5 Parent Tips for Strong Passwords

January 11, 2022
5 Parent Tips for Strong Passwords

Password Contents

Avoid the predictable- birthdays, family names, sequential numbers (1, 2, 3, 4), and other easily guessed password choices. According to research, the password “1234565” was used over one hundred million times in 2021 and this took less than one second for individuals to hack it. When creating a strong password think of objects and number sequences that can’t easily be connected to your personal information.


Many digital users are replacing their passwords with longer passphrases because they tend to be easier to remember, harder to hack, and add an extra layer of protection. Passphrases can be a basic sentence, or a combination of several words mixed in with numbers and characters. Try upgrading a few of your passwords to passphrases today!

Avoid Remixes

In the business of everyday life we may be tempted to simply shuffle up and remix previous passwords when prompted to create a new one. This can be a dangerous habit, oftentimes previous passwords can already be compromised and we do not know it. Take the time to truly make a new password “from scratch” when your accounts ask you to update your password or when initiating the start of a new digital account or application.

New Account, New Password

Ensure that every single online account that you use has a unique and different password. This will ensure that in the event a password gets compromised, your other accounts will remain safe. It is scary to think that some digital users can have the exact same password for twenty different accounts and/or applications and this can make someone extremely vulnerable to a hacker. Prevent a cascading snowball of hacked accounts by having significant variations in your selected passwords.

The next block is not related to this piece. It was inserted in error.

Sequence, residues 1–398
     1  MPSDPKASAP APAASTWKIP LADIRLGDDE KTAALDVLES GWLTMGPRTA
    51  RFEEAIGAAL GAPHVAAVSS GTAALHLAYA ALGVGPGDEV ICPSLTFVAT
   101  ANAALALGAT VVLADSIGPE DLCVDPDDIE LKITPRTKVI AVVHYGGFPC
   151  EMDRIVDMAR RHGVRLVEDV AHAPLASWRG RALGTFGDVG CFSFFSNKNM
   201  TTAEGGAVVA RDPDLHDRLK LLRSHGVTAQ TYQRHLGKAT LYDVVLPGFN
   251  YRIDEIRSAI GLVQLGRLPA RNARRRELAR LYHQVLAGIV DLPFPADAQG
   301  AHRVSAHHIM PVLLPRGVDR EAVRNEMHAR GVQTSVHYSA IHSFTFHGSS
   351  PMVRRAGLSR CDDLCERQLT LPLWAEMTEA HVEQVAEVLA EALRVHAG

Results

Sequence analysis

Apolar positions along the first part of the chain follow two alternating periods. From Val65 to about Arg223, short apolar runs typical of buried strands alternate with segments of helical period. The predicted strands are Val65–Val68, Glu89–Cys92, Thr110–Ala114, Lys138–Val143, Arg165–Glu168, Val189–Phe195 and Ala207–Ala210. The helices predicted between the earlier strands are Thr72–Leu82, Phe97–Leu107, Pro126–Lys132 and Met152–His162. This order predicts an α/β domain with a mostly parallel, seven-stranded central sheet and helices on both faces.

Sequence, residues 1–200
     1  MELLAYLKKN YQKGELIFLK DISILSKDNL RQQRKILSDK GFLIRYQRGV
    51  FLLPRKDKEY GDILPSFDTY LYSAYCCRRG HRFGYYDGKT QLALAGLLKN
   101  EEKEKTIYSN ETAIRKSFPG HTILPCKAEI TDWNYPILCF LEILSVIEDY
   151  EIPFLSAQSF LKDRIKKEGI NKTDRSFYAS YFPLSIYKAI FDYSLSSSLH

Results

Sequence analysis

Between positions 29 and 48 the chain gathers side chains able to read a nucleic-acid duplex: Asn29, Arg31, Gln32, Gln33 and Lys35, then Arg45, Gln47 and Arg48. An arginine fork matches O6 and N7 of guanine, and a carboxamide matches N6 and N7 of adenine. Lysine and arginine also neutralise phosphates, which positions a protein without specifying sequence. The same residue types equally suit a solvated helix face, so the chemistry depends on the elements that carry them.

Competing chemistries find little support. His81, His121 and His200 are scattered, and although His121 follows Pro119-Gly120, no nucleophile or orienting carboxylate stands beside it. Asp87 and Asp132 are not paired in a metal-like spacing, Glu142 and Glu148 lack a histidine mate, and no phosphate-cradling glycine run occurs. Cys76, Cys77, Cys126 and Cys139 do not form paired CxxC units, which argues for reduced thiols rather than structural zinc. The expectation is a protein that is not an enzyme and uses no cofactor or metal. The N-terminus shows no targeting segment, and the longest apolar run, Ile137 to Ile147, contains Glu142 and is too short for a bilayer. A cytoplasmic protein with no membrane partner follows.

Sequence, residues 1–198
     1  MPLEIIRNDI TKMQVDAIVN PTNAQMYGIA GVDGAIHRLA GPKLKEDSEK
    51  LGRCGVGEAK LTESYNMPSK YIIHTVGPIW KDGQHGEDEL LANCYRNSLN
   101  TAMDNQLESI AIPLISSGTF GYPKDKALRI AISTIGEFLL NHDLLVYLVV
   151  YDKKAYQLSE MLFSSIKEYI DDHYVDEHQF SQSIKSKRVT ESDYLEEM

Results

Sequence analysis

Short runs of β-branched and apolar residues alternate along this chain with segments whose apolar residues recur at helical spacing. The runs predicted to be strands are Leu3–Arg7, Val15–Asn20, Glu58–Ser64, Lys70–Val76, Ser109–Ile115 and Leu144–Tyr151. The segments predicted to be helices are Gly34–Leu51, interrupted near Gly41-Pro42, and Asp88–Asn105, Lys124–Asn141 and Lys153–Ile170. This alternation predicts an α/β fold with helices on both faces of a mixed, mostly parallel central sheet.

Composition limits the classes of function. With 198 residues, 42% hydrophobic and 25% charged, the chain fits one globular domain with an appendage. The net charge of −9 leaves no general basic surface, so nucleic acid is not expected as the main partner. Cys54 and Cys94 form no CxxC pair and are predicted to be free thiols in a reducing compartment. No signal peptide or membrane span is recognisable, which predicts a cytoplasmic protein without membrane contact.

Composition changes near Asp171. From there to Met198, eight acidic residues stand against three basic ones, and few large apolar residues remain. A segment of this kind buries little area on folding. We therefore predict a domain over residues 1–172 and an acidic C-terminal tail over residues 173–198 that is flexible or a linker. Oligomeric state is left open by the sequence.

Crafty Combinations

Online hackers are clever, determined, and methodical. The best way to keep your online accounts secure is by using passwords that are a crafty combination of lowercase letters, uppercase letters, numbers, and symbols. If you like using the name “upsavvy” in your passwords, try something like “Up$avvy!” instead. The more unique and original the combination, the stronger the password!

Learn more

Take a look at our other articles here. To learn how UpSavvy can help solve digital citizenship at your school district check out UpSavvy.com.

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